Genre: Children’s Fiction (Older and up), Fantasy
Series: Ranger’s Apprentice: The Early Years, book 1
Recommend to Others?: Yes
Things in Araluen are not as peaceful as they seem. The Ranger’s Corps, the primer fighting force in the King’s name, has been systematically destabilized, replacing Rangers with highly unskilled upstarts. And around the land, rumors are spreading that the prince, Duncan, has been raiding, pillaging, and disrupting the fragile peace Araluen has with its neighbor to the north, Picta. Not to mention, the king has taken up refuge in Castle Gorlan, after a supposed assassination attempt on his life by his own son.
All of this, Halt and Crowley believe to be the work of the sinister, cold, and calculating Morgarath, who seeks to seize the throne by discrediting Duncan’s reputation, eliminating the threat of the Ranger’s Corps, gaining popularity with the other barons, and persuading the king to name himself as heir.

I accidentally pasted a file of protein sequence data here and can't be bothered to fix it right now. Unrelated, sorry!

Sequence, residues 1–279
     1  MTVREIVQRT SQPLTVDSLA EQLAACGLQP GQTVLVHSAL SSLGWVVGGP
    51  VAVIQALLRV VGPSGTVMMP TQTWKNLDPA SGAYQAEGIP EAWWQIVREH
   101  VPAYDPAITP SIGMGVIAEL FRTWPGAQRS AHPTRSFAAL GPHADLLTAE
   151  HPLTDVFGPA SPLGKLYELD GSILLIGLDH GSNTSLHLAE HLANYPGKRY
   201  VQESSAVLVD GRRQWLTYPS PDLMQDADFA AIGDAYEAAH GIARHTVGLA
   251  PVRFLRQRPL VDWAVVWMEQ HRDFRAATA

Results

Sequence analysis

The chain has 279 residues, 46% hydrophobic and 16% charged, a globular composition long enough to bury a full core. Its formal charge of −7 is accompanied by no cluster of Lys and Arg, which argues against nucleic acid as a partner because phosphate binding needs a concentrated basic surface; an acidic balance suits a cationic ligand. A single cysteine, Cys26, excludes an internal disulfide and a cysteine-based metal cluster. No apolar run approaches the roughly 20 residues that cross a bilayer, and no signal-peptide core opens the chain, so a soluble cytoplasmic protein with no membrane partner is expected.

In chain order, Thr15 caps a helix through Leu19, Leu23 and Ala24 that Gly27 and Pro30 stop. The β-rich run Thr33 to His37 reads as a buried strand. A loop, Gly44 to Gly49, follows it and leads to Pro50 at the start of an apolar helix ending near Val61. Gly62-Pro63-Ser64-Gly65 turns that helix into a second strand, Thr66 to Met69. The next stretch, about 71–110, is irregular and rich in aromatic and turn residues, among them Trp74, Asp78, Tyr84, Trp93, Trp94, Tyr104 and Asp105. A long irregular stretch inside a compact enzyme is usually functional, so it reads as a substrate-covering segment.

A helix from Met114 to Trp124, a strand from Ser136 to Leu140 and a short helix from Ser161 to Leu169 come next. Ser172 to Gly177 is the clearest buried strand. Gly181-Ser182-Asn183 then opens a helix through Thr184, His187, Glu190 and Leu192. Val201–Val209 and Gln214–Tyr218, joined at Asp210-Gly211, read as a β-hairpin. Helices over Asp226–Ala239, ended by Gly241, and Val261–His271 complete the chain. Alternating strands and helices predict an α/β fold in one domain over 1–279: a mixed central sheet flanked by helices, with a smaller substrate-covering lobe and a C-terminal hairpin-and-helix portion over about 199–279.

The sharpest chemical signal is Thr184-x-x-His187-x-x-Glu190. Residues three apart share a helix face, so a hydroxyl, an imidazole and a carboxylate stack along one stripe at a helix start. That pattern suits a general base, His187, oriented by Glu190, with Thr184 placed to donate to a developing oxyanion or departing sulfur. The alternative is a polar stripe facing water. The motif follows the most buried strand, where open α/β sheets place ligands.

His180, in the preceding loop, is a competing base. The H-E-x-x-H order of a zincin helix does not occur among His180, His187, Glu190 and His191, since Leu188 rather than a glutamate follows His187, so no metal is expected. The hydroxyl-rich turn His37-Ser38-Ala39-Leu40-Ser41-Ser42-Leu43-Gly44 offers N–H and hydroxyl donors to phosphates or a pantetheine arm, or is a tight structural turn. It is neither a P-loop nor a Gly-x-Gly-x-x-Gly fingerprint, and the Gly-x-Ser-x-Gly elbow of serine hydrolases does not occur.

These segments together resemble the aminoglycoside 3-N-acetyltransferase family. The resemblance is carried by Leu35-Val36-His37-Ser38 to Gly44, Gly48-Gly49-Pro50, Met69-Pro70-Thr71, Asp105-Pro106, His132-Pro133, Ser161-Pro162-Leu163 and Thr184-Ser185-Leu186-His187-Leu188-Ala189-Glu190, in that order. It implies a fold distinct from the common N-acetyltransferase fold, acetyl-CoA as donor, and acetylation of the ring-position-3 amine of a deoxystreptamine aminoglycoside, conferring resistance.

In order to stop Morgarath, Halt and Crowley will have to seek out Duncan and other rangers who have been unceremoniously rejected from their positions. They will have to figure out a way to restore the Ranger’s Corps and stop the usurper before it’s too late.
The Tournament at Gorlan, as the series title suggests, takes place before the events of The Ruin of Gorlan (Ranger’s Apprentice, book 1) and The Burning Bridge (Ranger’s Apprentice, book 2). This new book focuses on a young Halt and Crowley as they try to prevent Morgarath, the lord of Gorlan, from acquiring the throne.
It was interesting to learn more about Morgarath and what marked him as an antagonist in the first two books of the Ranger’s Apprentice series. Although his character follows the classic theme of a power-hungry lord seeking to steal a throne, how he goes about it is was worth reading about. John Flanagan does a great job at developing a plot for Morgarath that deviates well away from norm.
A light-hearted and funny read, Flanagan does well at eliciting an emotional response from the reader by infusing the right amount of comic relief and tension between characters. He brings his characters to life so well, making them real, concrete, distinct and loveable. Each character presented brings something important to the plot’s progression.
This is a novel I appreciate. I was very happy and excited to revisit more of the world of the Ranger’s Apprentice, especially reading more about old characters, such as Halt and Crowley, and new characters. The book was a quick but satisfying read, one that I found hard to put down. Fans of the Ranger’s Apprentice series are sure to enjoy this thrilling tale.